Walker v. King et al

Filing 19

FINDINGS and RECOMMENDATIONS Recommending that this 18 Action Proceed Against Defendants Saloum, Poole, Perryman, Davis, and Nicks on Plaintiff's Claim for Failure to Protect in Violation of the Fourteenth Amendment, and that all other Claims and Defendants be Dismissed with Prejudice signed by Magistrate Judge Erica P. Grosjean on 10/23/2017. Referred to Judge Ishii; Objections to F&R due by 11/17/2017.(Flores, E)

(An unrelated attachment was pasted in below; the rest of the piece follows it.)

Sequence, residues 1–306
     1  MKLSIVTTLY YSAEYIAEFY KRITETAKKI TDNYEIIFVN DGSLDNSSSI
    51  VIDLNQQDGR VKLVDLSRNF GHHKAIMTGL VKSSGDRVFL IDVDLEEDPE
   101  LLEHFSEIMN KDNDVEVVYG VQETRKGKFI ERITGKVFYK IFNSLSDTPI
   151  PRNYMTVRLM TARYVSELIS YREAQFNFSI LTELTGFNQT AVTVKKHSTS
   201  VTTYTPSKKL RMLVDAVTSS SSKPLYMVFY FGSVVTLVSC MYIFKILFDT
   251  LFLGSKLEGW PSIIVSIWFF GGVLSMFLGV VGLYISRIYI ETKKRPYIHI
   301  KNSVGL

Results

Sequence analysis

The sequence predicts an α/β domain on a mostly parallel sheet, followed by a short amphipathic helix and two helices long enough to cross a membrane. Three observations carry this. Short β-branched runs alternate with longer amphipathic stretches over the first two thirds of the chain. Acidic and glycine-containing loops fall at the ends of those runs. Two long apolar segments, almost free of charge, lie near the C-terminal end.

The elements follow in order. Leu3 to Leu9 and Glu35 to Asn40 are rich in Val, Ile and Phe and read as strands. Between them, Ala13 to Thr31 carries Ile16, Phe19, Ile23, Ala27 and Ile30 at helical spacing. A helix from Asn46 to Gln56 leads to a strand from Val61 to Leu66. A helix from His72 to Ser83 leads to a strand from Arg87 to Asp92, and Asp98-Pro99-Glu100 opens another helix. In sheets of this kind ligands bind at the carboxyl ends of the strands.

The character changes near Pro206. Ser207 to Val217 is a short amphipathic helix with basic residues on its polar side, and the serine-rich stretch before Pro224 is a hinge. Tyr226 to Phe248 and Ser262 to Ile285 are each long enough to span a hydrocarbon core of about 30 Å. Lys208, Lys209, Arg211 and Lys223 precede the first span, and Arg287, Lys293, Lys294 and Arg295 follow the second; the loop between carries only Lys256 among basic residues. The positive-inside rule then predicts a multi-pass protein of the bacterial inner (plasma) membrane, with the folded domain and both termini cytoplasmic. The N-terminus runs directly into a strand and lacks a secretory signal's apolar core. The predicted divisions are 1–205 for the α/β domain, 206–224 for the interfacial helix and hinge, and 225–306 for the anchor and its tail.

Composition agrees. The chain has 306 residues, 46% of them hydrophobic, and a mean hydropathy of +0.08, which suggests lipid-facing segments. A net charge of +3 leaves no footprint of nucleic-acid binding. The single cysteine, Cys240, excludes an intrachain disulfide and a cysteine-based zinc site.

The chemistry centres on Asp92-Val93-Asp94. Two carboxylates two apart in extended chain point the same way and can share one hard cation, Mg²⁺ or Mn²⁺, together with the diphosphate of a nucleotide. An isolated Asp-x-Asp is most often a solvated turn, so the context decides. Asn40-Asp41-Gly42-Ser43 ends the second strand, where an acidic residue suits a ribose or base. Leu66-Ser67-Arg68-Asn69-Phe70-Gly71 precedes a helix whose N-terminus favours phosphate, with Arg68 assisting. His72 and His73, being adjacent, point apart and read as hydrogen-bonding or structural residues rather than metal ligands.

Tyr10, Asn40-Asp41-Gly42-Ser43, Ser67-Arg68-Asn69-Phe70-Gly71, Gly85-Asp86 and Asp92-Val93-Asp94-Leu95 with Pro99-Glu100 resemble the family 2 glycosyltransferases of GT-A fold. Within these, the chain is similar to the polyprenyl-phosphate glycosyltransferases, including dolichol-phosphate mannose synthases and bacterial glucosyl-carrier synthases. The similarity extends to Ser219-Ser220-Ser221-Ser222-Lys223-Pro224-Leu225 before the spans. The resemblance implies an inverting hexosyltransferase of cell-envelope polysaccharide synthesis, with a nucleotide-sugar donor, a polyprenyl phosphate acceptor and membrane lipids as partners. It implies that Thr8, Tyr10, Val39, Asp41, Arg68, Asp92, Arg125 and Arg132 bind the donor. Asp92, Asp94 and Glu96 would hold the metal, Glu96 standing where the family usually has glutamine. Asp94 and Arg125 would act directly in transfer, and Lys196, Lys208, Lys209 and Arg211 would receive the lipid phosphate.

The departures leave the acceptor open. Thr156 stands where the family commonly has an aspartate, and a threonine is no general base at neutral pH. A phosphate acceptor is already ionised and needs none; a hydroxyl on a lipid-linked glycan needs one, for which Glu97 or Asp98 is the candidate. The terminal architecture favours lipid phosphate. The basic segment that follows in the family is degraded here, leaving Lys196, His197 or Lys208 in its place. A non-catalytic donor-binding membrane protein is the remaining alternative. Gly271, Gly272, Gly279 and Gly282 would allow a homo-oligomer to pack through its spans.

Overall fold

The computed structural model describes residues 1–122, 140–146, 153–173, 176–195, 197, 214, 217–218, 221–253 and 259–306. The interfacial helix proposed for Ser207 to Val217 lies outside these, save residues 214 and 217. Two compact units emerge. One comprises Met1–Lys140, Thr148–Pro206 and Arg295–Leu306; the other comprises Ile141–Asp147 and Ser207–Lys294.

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1 2 3 4 5 UNITED STATES DISTRICT COURT 6 EASTERN DISTRICT OF CALIFORNIA 7 8 9 ROGER WALKER, Case No. 1:16-cv-01665-AWI-EPG (PC) Plaintiff, 14 FINDINGS AND RECOMMENDATIONS, RECOMMENDING THAT THIS ACTION PROCEED AGAINST DEFENDANTS SALOUM, POOLE, PERRYMAN, DAVIS, AND NICKS ON PLAINTIFF’S CLAIM FOR FAILURE TO PROTECT IN VIOLATION OF THE FOURTEENTH AMENDMENT, AND THAT ALL OTHER CLAIMS AND DEFENDANTS BE DISMISSED WITH PREJUDICE 15 (ECF NO. 18) 16 OBJECTIONS, IF ANY, DUE WITHIN TWENTY-ONE DAYS 10 v. 11 12 AUDREY KING, et al., Defendants. 13 17 18 19 I. BACKGROUND Roger Walker (“Plaintiff”) is a civil detainee proceeding pro se and in forma pauperis 20 in this civil rights action pursuant to 42 U.S.C. § 1983. 21 commencing this action on November 3, 2016. (ECF No. 1). The Court struck the complaint 22 for lack of a signature and gave Plaintiff leave to file an amended complaint. (ECF No. 8). On 23 February 6, 2017, Plaintiff filed a first amended complaint. (ECF No. 11). The Court screened 24 Plaintiff’s complaint, found certain cognizable claims, and gave Plaintiff leave to amend on 25 March 15, 2017. (ECF No. 13). Plaintiff filed a second amended complaint on May 15, 2017, 26 which is before this Court for screening. (ECF No. 18) Plaintiff filed the complaint 27 For the reasons described below, this Court recommends allowing Plaintiff to proceed 28 on his second amended complaint against Defendants Saloum, Poole, Perryman, Davis, and 1 1 Nicks for failing to protect Plaintiff in violation of the Fourteenth Amendment, and that all 2 other claims and defendants be dismissed with prejudice. 3 II. LEGAL STANDARDS FOR SCREENING 4 When a plaintiff seeks permission to pursue a civil case in forma papueris, courts will 5 screen the complaint pursuant to 28 U.S.C. § 1915(e)(2). In particular, 28 U.S.C. § 1915(e)(2) 6 provides that a court shall dismiss a case at any time if it determines that, inter alia, the action 7 is frivolous or malicious, fails to state a claim on which relief may be granted, or seeks 8 monetary relief against a defendant who is immune from such relief. A central function of this 9 screening process is to “discourage the filing of, and waste of judicial and private resources 10 upon, baseless lawsuits that paying litigants generally do not initiate because of the cost of 11 bringing suit.” Neitzke v. Williams, 490 U.S. 319, 327 (1989). 12 A complaint is required to contain “a short and plain statement of the claim showing 13 that the pleader is entitled to relief.” Fed. R. Civ. P. 8(a)(2). Detailed factual allegations are 14 not required, but “[t]hreadbare recitals of the elements of a cause of action, supported by mere 15 conclusory statements, do not suffice.” Ashcroft v. Iqbal, 556 U.S. 662, 678 (2009) (citing Bell 16 Atlantic Corp. v. Twombly, 550 U.S. 544, 555 (2007)). Plaintiff must set forth “sufficient 17 factual matter, accepted as true, to ‘state a claim to relief that is plausible on its face.’” Id. 18 (quoting Twombly, 550 U.S. at 570). The mere possibility of misconduct falls short of meeting 19 this plausibility standard. Id. at 679. While a plaintiff’s allegations are taken as true, courts 20 “are not required to indulge unwarranted inferences.” Doe I v. Wal-Mart Stores, Inc., 572 F.3d 21 677, 681 (9th Cir. 2009) (internal quotation marks and citation omitted). Additionally, a 22 plaintiff’s legal conclusions are not accepted as true. Iqbal, 556 U.S. at 678. 23 Pleadings of pro se plaintiffs “must be held to less stringent standards than formal 24 pleadings drafted by lawyers.” Hebbe v. Pliler, 627 F.3d 338, 342 (9th Cir. 2010) (holding that 25 pro se complaints should continue to be liberally construed after Iqbal). 26 \\\ 27 \\\ 28 \\\ 2 1 ALLEGATIONS IN PLAINTIFF’S SECOND AMENDED COMPLAINT III. 2 Plaintiff is a civil detainee pursuant to Welfare & Institutions Code § 6604, detained by 3 the California Department of State Hospitals for care and treatment of an alleged mental 4 disorder. 5 In the latter part of 2014, a physically violent and emotionally unstable patient, Ryan 6 Wilkerson, was housed with Plaintiff in a four man dormitory. 7 Wilkerson’s past violent behavior as Wilkerson had been in numerous physical altercations and 8 was transferred from unit to unit in an attempt to control him. Plaintiff made multiple requests 9 that he or Wilkerson be moved, starting shortly after Wilkerson arrived in the dorm. Plaintiff 10 made these requests to: his Unit Psychologist, Dr. Willow Saloum; his Unit Supervisors, Tim 11 Poole, Samantha Perryman, and George M. Davis; and his treatment team. 12 13 Defendants knew of On February 5, 2015, Wilkerson physically assaulted Plaintiff, causing serious injury to Plaintiff’s right eye. 14 Even after the assault, Defendants, including Davis (who replaced Defendant Perryman 15 as acting Unit Supervisor) and Saloum, forced Plaintiff to remain housed with Wilkerson for 16 several days. While Wilkerson was eventually moved, he was moved to another room on the 17 same unit. Wilkerson continued to threaten and harass Plaintiff. Days after the first attack, 18 Wilkerson assaulted Plaintiff by grabbing Plaintiff from behind with both arms encircling his 19 body, causing Plaintiff to defend himself by throwing Wilkerson to the ground and holding him 20 there. 21 Plaintiff was later transferred from Residential Housing Unit 19 to Intermediate Care 22 Facility 8 after filing multiple complaints about being housed with Wilkerson. Plaintiff alleges 23 that the transfer was adverse and in retaliation for filing complaints. 24 Plaintiff names as defendants the Department of State Hospitals-Coalinga as well as 25 seven individuals at Coalinga State Hospital who were involved in a direct or supervisory way 26 in the transfer and housing of patients. 27 Plaintiff’s allegations are similar to those asserted in his first amended complaint, which 28 was previously screened by the Court. Plaintiff’s second amended complaint is 126 pages and 3 1 includes additional allegations regarding the involvement of the defendants, as well as 2 allegations as to violations of hospital procedures. 3 IV. PLAINTIFF’S CLAIM FOR FAILURE TO PROTECT IN VIOLATION OF 4 THE FOURTEENTH AMENDMENT 5 a. Legal Standards 6 7 8 9 10 11 The Civil Rights Act under which this action was filed provides: Every person who, under color of any statute, ordinance, regulation, custom, or usage, of any State or Territory or the District of Columbia, subjects, or causes to be subjected, any citizen of the United States or other person within the jurisdiction thereof to the deprivation of any rights, privileges, or immunities secured by the Constitution and laws, shall be liable to the party injured in an action at law, suit in equity, or other proper proceeding for redress . . . . 42 U.S.C. § 1983. 12 “[Section] 1983 ‘is not itself a source of substantive rights,’ but merely provides ‘a 13 method for vindicating federal rights elsewhere conferred.’” Graham v. Connor, 490 U.S. 386, 14 393-94 (1989) (quoting Baker v. McCollan, 443 U.S. 137, 144 n.3 (1979)); see also Chapman 15 v. Houston Welfare Rights Org., 441 U.S. 600, 618 (1979); Hall v. City of Los Angeles, 697 16 F.3d 1059, 1068 (9th Cir. 2012); Crowley v. Nevada, 678 F.3d 730, 734 (9th Cir. 2012); 17 Anderson v. Warner, 451 F.3d 1063, 1067 (9th Cir. 2006). 18 To state a claim under section 1983, a plaintiff must allege that (1) the defendant acted 19 under color of state law and (2) the defendant deprived him or her of rights secured by the 20 Constitution or federal law. Long v. County of Los Angeles, 442 F.3d 1178, 1185 (9th Cir. 21 2006). “A person ‘subjects' another to the deprivation of a constitutional right, within the 22 meaning of section 1983, if he does an affirmative act, participates in another's affirmative acts, 23 or omits to perform an act which he is legally required to do that causes the deprivation of 24 which complaint is made.” Johnson v. Duffy, 588 F.2d 740, 743 (9th Cir. 1978). “The 25 requisite causal connection can be established not only by some kind of direct, personal 26 participation in the deprivation, but also by setting in motion a series of acts by others which 27 the actor knows or reasonably should know would cause others to inflict the constitutional 28 injury.” Id. at 743-44. 4 1 The “rights of civilly committed persons are protected by the Due Process Clause of the 2 Fourteenth Amendment and not the Cruel and Unusual Punishment Clause of the Eighth 3 Amendment.” Irvin v. Baca, No. CV 03-2565-AHS (CW), 2011 WL 838915, at *8 (C.D. Cal. 4 Jan. 18, 2011), report and recommendation adopted, 2011 WL 835834 (C.D. Cal. Feb. 28, 5 2011). This due process standard recognizes the state is entitled to hold such a person in 6 custody, and that the detainee's confinement raises “concerns similar to those raised by the 7 housing of pretrial detainees, such as the legitimate institutional interest in the safety and 8 security of guards and other individuals in the facility, order within the facility, and the 9 efficiency of the facility's operations.” Andrews v. Neer, 253 F.3d 1052, 1061 (8th Cir. 2001) 10 (citing Johnson-El v. Schoemehl, 878 F.2d 1043, 1048 (8th Cir. 1989)). 11 The Ninth Circuit recently provided guidance regarding the standards for a failure to 12 protect claim under the Fourteenth Amendment for detainees who were not (yet) convicted of 13 crimes: 14 [T]he elements of a pretrial detainee's Fourteenth Amendment failure-to-protect claim against an individual officer are: 15 16 17 18 19 20 21 22 23 (1) The defendant made an intentional decision with respect to the conditions under which the plaintiff was confined; (2) Those conditions put the plaintiff at substantial risk of suffering serious harm; (3) The defendant did not take reasonable available measures to abate that risk, even though a reasonable officer in the circumstances would have appreciated the high degree of risk involved—making the consequences of the defendant's conduct obvious; and (4) By not taking such measures, the defendant caused the plaintiff's injuries. 24 25 26 27 28 With respect to the third element, the defendant's conduct must be objectively unreasonable, a test that will necessarily “turn[ ] on the ‘facts and circumstances of each particular case.’ ” Kingsley, 135 S.Ct. at 2473 (quoting Graham v. Connor, 490 U.S. 386, 396, 109 S.Ct. 1865, 104 L.Ed.2d 443 (1989)); see also Restatement (Second) of Torts § 500 cmt. a (Am. Law Inst. 2016) (recognizing that “reckless disregard” may be shown by an 5 objective standard under which an individual “is held to the realization of the aggravated risk which a reasonable [person] in his place would have, although he does not himself have it”). 1 2 3 4 Castro v. County of Los Angeles (9th Cir. 2016) 833 F.3d 1060, 1071.1 b. Application to Plaintiff’s Complaint 5 6 Plaintiff has sufficiently alleged that staff at Coalinga Hospital made an intentional 7 decision to house Plaintiff with Wilkerson, that they put Plaintiff at substantial risk of harm, 8 that they did not take measures to abate the risk, and that Plaintiff was injured as a result. 9 The more difficult question is which of the individuals are properly defendants, keeping 10 in mind that supervisory personnel are generally not liable under section 1983 for the actions of 11 their employees under a theory of respondeat superior. When a named defendant holds a 12 supervisory position, the causal link between him and the claimed constitutional violation must 13 be specifically alleged. See Iqbal, 556 U.S. at 676-77l Fayle v. Stapley, 607 F.2d 858, 862 (9th 14 Cir. 1979); Mosher v. Saalfeld, 589 F.2d 438, 441 (9th Cir. 1978). To state a claim for relief 15 under section 1983 based on a theory of supervisory liability, Plaintiff must allege some facts 16 that would support a claim that supervisory defendants either: personally participated in the 17 alleged deprivation of constitutional rights; knew of the violations and failed to act to prevent 18 them; or promulgated or “implemented a policy so deficient that the policy ‘itself is a 19 repudiation of constitutional rights' and is ‘the moving force of the constitutional violation.’” 20 Hansen v. Black, 885 F.2d 642, 646 (9th Cir. 1989) (internal citations omitted); Taylor v. List, 21 880 F.2d 1040, 1045 (9th Cir. 1989). For instance, a supervisor may be liable for his “own 22 culpable action or inaction in the training, supervision, or control of his subordinates,” “his 23 acquiescence in the constitutional deprivations of which the complaint is made,” or “conduct 24 that showed a reckless or callous indifference to the rights of others.” Larez v. City of Los 25 Angeles, 946 F.2d 630, 646 (9th Cir. 1991) (internal citations, quotation marks, and alterations 26 27 28 1 Although this case concerned pretrial detainees, the same standard applies to civil detainees. See, e.g., Smith v. Ahlin, No. 116CV00138SKOPC, 2016 WL 5943920, at *5 (E.D. Cal. Oct. 12, 2016); Curry v. Lopez, 683 F. App'x 637, 638 (9th Cir. 2017). 6 1 omitted). 2 Plaintiff alleges that he requested that he or Wilkerson be moved from the dorm, 3 starting shortly after Wilkerson arrived in the dorm, directly to Defendants Willlow Saloum, 4 Tim Poole, Samantha Perryman, and George M. Davis. Plaintiff also alleges that after the first 5 attack, Defendants Davis and Saloum forced Plaintiff to remain housed with Wilkerson in the 6 same room for several days. While Wilkerson was eventually moved, he was moved to another 7 room on the same unit, and he attacked Plaintiff again. Accordingly, Plaintiff has stated a 8 claim against Defendants Saloum, Poole, Perryman and Davis. 9 Plaintiff also alleges a claim against the Department of State Hospitals-Coalinga. The 10 Eleventh Amendment erects a general bar against federal lawsuits brought against the state. 11 Wolfson v. Brammer, 616 F.3d 1045, 1065–66 (9th Cir. 2010) (citation and quotation marks 12 omitted). While “[t]he Eleventh Amendment does not bar suits against a state official for 13 prospective relief,” Wolfson, 616 F.3d at 1065–66, suits against the state or its agencies are 14 barred absolutely, regardless of the form of relief sought, see, e.g., Pennhurst State School & 15 Hosp. v. Halderman, 465 U.S. 89, 100, 104 S. Ct. 900, 79 L.Ed.2d 67 (1984); Buckwalter v. 16 Nevada Bd. of Medical Examiners, 678 F.3d 737, 740 n. 1 (9th Cir. 2012). Accordingly, 17 because Coalinga State Hospital is part of the California Department of State Hospitals, which 18 is a state agency, it is also entitled to Eleventh Amendment immunity from suit. 19 Separate and apart from the issue of sovereign immunity, this Court finds that Plaintiff’s 20 allegations do not sufficiently demonstrate that the Department of State Hospitals-Coalinga 21 directly caused the incident. 22 requirements that he says would have prevented the incident. He then alleges that there was 23 insufficient training of these rules and regulations, but does not allege a factual basis for this 24 assertion. Moreover, there are no allegations of anything said or done by the Department of 25 State Hospitals-Coalinga directly related to this incident. Indeed, Plaintiff points to numerous hospital rules and 26 As to Defendant Audrey King, Plaintiff alleges that she is liable due to “actions or 27 inaction in the training, supervision and control of her subordinate employees.” Moreover, 28 Plaintiff alleges that King would have received daily reports of high risk patients and would 7 1 have been aware of dangerous proclivities of Wilkerson. King, as executive director, is also 2 charged with the effective delivery of services in an environment conducive to the quality of 3 care and treatment of the patients. 4 This Court finds that Plaintiff’s allegations as to Defendant King are insufficient to state 5 a claim because they concern her role in a supervisory capacity. Defendant King was not 6 directly involved in the incident. She did not directly hear any complaints against Wilkerson 7 and is not alleged to have taken any direct action. Nor is it alleged that she had the direct 8 responsibility to take any such action. 9 insufficient under the law cited above. The allegations against her as a supervisor are 10 The same is true of Plaintiff’s allegations against Defendant Lindsey Cunningham. 11 Plaintiff alleges that she was the Program Senior Licensed Psychologist at the time and “had 12 the additional responsibility of overseeing and supervising Saloum’s work and the professional 13 decisions Saloum made concerning each patient.” Plaintiff does not allege a direct role in the 14 incident beyond her supervisory capacity. 15 As for Defendant Donnell Nicks, Plaintiff alleges that she was the Coalinga Transfer 16 Coordinator and directly responsible for the final determination of where all patents are housed 17 within the facility. Plaintiff alleges that Nicks’ decision to transfer Wilkerson to the same unit 18 as Plaintiff exposed him to harm. While it may be that Defendant Nicks’ role is supervisory, 19 construing Plaintiff’s allegations in his favor at this stage, the Court finds that Plaintiff has 20 stated a claim against Defendant Nicks as well. 21 22 V. PLAINTIFF’S CLAIM FOR RETALIATION a. Legal Standards 23 Allegations of retaliation against a plaintiff's First Amendment rights to speech or to 24 petition the government may support a Section 1983 claim. See Pratt v. Rowland, 65 F.3d 802, 25 807 (9th Cir. 1995). 26 A viable claim of First Amendment retaliation against a civil detainee entails five 27 elements: (1) the plaintiff engaged in protected conduct; (2) an assertion that a state actor took 28 some adverse action against the plaintiff; (3) the adverse action was “because of” the plaintiff's 8 1 protected conduct (i.e., “retaliatory motive”); (4) the adverse action “would chill or silence a 2 person of ordinary firmness from future First Amendment activities;” and (5) the action did not 3 reasonably advance a legitimate correctional goal. See Rhodes v. Robinson, 408 F.3d 559, 4 567-68 (9th Cir. 2005). 5 Conduct protected by the First Amendment in the detention context has included filing 6 of a prison grievance, Bruce v. Ylst, 351 F.3d 1283, 1288 (9th Cir. 2003). In order to show 7 “retaliatory motive,” a plaintiff must show that his or her protected conduct was a “‘substantial’ 8 or ‘motivating’ factor behind the defendant's conduct.” Brodheim v. Cry, 584 F.3d 1262, 1271 9 (9th Cir. 2009) (citation omitted). The plaintiff must establish the “retaliatory motive” with 10 more than “sheer speculation.” Pratt, 65 F.3d at 808. To survive a motion to dismiss, a 11 plaintiff must plead enough facts to plausibly establish a defendant's retaliatory motive. See 12 Brodheim, 584 F.3d at 1271; Iqbal, 129 S. Ct. at 1949; compare Pratt, 65 F.3d at 808 13 (concluding that, while the timing of adverse actions can be circumstantial evidence to establish 14 a retaliatory motive, timing alone did not “support the inference” of retaliatory motive); with 15 Bruce, 351 F.3d at 1289 (concluding a prisoner established a triable issue of fact regarding 16 prison officials' retaliatory motives by showing suspect timing supplemented by statements and 17 other evidence). Furthermore, a retaliation claim is not plausible if there are “more likely 18 explanations” for the action. Iqbal, 129 S. Ct. at 1951; see, e.g., Pratt, 65 F.3d at 808 19 (concluding that allowing an inmate to be closer to his family was a more likely explanation for 20 his transferal than retaliation); Stone v. Becerra, No. CV-10-138-RMP, 2011 WL 1565299, at 21 *3 (E.D. Wash. Apr. 25, 2011), aff'd, 520 Fed.Appx. 542 (9th Cir. 2013) (concluding timing 22 alone was insufficient evidence of retaliatory motive and more likely explanation for the 23 alleged adverse action, a cell search, is that “it was actually random.”). 24 b. Evaluation of Plaintiff’s Complaint 25 Plaintiff’s allegations do not establish a claim for retaliation. Plaintiff was transferred 26 after multiple complaints about being housed with Wilkerson. Plaintiff alleges this was done in 27 retaliation because he filed complaints, but there are no direct allegations supporting that 28 motive. Indeed, Plaintiff asked to be moved away from Wilkerson. Thus, the granting of that 9 1 request, albeit to a place Plaintiff does not prefer, does not establish a retaliatory motive. 2 Moreover, Plaintiff has not alleged that any of the defendants claimed that Plaintiff was being 3 transferred in retaliation for filing complaints, or that they otherwise complained about 4 Plaintiff’s complaints. Plaintiff alleges that defendants repeatedly claimed that his transfer was 5 not adverse. Although Plaintiff disagrees, his factual allegations, if true, do not establish that 6 defendants violated his First Amendment rights by transferring him because of his complaints 7 regarding his housing with Wilkerson. 8 VI. CONCLUSION AND ORDER 9 The Court has screened Plaintiff’s second amended complaint and finds that it states a 10 cognizable claim for failure to protect in violation of the Fourteenth Amendment against 11 Defendants Saloum, Poole, Perryman, Davis, and Nicks. However, the Court finds that the 12 second amended complaint states no other cognizable claims. The Court will not recommend granting further leave to amend. This is Plaintiff’s 13 14 second amended complaint, and the Court has already provided ample legal guidance. 15 Therefore, based on the foregoing, IT IS HEREBY RECOMMENDED that this case 16 proceed against defendants Saloum, Poole, Perryman, Davis, and Nicks on Plaintiff’s claim for 17 failure to protect in violation of the Fourteenth Amendment, and that all other claims and 18 defendants be dismissed with prejudice. 19 /// 20 /// 21 /// 22 /// 23 /// 24 /// 25 /// 26 /// 27 /// 28 /// 10 1 These findings and recommendations will be submitted to the united states district judge 2 assigned to the case, pursuant to the provisions of Title 28 U.S.C. § 636(b)(l). Within twenty- 3 one (21) days after being served with these findings and recommendations, Plaintiff may file 4 written objections with the Court. 5 Magistrate Judge’s Findings and Recommendations.” Plaintiff is advised that failure to file 6 objections within the specified time may result in the waiver of rights on appeal. Wilkerson v. 7 Wheeler, 772 F.3d 834, 838-39 (9th Cir. 2014) (citing Baxter v. Sullivan, 923 F.2d 1391, 1394 8 (9th Cir. 1991)). The document should be captioned “Objections to 9 10 11 IT IS SO ORDERED. Dated: October 23, 2017 /s/ UNITED STATES MAGISTRATE JUDGE 12 13 14 15 16 17 18 19 20 21 22 23 24 25 26 27 28 11